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Immigrants Of The Week: Jorge Munoz, Pavel Goberman, and David Campos

by Greg Siskind


Most people think you have to be wealthy to be a philanthropist. But the term, which literally just refers to one who loves people, refers to anyone who donates money, time or expertise to benefit a socially beneficial cause. And one ordinary American who got some well-deserved attention this week is Colombian-born New York City bus driver Jorge Munoz. Munoz is a beneficiary of the 1986 legalization program and like many of the three million Americans who had their status legalized under law, he gives back to his country on a daily basis.

CNN describes him as a hero and explain why:

Munoz obtained legal residency in 1987 and later became a citizen, along with his mother and sister. He never stood on a street corner to find work, but as an immigrant, he identifies with many of the men he feeds.

Munoz began his unorthodox meal program -- now his nonprofit, An Angel in Queens -- in the summer of 2004. Friends told him about large amounts of food being thrown away at their jobs. At first, he collected leftovers from local businesses and handed out brown bag lunches to underprivileged men three nights a week. Within a few months, Munoz and his mother were preparing 20 home-cooked meals daily.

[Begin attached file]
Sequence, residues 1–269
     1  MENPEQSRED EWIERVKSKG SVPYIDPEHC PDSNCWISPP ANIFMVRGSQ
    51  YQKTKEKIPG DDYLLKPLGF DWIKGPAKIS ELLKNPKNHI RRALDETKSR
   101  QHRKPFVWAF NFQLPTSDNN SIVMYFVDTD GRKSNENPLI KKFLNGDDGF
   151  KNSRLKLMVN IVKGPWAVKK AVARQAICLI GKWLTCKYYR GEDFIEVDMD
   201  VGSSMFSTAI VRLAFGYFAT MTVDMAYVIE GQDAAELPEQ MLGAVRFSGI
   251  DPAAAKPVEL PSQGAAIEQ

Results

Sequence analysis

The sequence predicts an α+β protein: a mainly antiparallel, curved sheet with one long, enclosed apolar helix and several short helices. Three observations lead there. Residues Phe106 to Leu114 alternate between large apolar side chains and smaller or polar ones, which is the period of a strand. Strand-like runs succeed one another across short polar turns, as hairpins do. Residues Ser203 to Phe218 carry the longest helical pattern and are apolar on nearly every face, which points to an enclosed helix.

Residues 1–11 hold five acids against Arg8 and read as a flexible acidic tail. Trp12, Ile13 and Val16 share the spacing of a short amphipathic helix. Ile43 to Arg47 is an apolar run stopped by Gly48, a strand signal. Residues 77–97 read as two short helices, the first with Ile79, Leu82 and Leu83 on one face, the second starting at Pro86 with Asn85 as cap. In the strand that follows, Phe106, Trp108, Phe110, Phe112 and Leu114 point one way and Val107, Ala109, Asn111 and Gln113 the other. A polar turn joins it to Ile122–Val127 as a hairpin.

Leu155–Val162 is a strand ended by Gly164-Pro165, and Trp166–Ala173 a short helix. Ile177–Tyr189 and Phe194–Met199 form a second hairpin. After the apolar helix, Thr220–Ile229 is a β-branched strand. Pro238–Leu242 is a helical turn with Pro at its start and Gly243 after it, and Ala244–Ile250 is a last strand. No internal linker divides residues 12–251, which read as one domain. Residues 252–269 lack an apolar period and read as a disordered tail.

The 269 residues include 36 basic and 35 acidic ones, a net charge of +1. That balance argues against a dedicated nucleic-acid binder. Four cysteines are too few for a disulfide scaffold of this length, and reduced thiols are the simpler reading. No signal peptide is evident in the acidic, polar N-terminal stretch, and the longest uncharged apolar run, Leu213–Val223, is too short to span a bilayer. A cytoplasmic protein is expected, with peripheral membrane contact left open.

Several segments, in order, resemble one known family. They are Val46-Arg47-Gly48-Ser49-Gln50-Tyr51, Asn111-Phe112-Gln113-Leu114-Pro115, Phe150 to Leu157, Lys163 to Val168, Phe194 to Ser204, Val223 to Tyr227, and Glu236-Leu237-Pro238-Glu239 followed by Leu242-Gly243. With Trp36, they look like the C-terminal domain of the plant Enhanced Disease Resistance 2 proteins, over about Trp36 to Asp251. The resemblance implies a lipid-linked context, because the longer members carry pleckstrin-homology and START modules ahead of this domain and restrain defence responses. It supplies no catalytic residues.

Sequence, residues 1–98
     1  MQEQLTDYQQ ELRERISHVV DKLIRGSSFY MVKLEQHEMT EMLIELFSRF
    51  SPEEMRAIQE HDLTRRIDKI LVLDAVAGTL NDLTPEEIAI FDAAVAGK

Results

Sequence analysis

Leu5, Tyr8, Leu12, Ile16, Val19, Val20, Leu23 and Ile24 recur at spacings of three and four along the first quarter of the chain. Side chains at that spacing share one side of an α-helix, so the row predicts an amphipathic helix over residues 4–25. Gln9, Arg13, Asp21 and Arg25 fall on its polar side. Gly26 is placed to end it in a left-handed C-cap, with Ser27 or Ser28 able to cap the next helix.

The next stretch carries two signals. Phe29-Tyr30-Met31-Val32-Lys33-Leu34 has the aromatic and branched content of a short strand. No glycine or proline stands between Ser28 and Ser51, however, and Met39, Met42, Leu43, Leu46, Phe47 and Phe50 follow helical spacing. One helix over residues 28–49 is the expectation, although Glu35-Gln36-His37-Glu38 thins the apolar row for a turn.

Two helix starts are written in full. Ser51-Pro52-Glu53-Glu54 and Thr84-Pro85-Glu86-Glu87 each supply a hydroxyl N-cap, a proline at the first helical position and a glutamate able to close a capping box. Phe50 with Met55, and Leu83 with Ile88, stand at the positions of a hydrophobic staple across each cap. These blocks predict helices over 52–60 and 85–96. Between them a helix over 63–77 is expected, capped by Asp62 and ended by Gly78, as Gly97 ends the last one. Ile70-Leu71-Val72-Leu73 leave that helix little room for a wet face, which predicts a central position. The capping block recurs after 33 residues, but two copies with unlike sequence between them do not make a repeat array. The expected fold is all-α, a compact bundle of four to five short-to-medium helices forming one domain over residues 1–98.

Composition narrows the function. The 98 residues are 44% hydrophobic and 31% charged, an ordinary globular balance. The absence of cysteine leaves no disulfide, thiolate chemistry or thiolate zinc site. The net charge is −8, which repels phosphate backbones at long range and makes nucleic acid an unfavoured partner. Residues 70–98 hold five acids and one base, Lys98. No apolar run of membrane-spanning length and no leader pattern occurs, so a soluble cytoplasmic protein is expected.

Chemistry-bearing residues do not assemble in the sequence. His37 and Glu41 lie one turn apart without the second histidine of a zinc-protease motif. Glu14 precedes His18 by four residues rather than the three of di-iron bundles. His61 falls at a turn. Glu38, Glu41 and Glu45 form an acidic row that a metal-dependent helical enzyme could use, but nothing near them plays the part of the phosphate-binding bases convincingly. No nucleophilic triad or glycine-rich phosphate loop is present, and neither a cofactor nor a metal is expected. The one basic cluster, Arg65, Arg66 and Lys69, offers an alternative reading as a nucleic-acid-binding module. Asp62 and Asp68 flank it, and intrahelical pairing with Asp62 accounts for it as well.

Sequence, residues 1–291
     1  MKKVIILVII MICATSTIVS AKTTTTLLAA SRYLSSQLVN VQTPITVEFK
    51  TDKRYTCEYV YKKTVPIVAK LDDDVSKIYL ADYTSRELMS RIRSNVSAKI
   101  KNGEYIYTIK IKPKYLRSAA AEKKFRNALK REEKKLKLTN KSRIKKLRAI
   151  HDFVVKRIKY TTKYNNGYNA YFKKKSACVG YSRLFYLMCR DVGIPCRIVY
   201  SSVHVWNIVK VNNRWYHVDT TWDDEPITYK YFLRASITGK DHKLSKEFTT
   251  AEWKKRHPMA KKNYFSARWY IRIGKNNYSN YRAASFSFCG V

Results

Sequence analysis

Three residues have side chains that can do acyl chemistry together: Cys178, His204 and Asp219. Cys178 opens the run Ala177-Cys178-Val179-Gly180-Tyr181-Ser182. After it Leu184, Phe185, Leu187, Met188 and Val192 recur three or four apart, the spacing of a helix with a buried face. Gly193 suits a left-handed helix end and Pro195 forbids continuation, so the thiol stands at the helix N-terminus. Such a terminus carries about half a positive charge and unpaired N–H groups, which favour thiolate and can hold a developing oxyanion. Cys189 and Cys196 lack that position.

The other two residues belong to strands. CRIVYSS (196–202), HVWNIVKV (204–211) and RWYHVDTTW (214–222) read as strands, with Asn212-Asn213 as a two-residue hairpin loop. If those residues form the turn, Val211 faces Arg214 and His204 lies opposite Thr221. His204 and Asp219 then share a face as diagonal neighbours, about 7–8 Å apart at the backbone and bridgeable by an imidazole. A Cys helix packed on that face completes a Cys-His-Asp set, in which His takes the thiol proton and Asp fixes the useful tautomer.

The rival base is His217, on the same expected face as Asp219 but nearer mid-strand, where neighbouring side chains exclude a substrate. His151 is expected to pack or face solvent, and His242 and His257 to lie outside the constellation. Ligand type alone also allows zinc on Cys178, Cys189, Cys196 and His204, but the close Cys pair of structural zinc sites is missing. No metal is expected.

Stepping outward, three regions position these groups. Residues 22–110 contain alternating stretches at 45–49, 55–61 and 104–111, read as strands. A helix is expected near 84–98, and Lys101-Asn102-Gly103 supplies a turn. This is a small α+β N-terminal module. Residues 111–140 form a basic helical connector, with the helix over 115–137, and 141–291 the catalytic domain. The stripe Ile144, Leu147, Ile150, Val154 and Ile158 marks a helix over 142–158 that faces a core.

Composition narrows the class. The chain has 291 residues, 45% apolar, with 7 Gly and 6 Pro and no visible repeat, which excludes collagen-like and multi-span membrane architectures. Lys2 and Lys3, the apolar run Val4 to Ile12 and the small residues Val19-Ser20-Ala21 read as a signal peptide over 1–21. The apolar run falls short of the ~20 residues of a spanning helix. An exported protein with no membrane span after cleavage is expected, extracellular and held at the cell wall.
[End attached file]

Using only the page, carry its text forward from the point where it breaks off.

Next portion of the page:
Numbers gradually increased over the years to 35 per night, then 60. In recent months, that number has jumped to as many as 140 meals a night.

Sustaining this endeavor consumes most of his life. To his mother's dismay, his family's Woodhaven home is bursting with goods related to this work. An oversize freezer takes up most of the dining room, and the porch is lined with canned food and paper products.

Daily operations now run like a well-oiled machine. Munoz gets up around 5:00 a.m. to drive his bus route, and he calls home on his breaks to see how the cooking is going. When he gets home around 5:30 p.m. -- often stopping to pick up food donations -- he helps pack up meals before heading out to "his corner" in Jackson Heights.

"He comes here without fail," says one of the men. "It could be cold, it could be really hot, but he's here."

Thanks to reader Ravi for this great suggestion for today's Immigrant of the Day.